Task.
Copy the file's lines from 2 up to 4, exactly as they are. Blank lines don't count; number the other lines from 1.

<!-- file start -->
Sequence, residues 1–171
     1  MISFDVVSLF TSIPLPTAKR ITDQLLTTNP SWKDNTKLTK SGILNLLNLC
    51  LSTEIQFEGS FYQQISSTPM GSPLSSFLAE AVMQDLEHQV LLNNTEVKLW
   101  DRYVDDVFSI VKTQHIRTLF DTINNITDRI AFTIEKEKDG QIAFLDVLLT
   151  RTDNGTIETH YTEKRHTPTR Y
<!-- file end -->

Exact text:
     1  MISFDVVSLF TSIPLPTAKR ITDQLLTTNP SWKDNTKLTK SGILNLLNLC
    51  LSTEIQFEGS FYQQISSTPM GSPLSSFLAE AVMQDLEHQV LLNNTEVKLW
   101  DRYVDDVFSI VKTQHIRTLF DTINNITDRI AFTIEKEKDG QIAFLDVLLT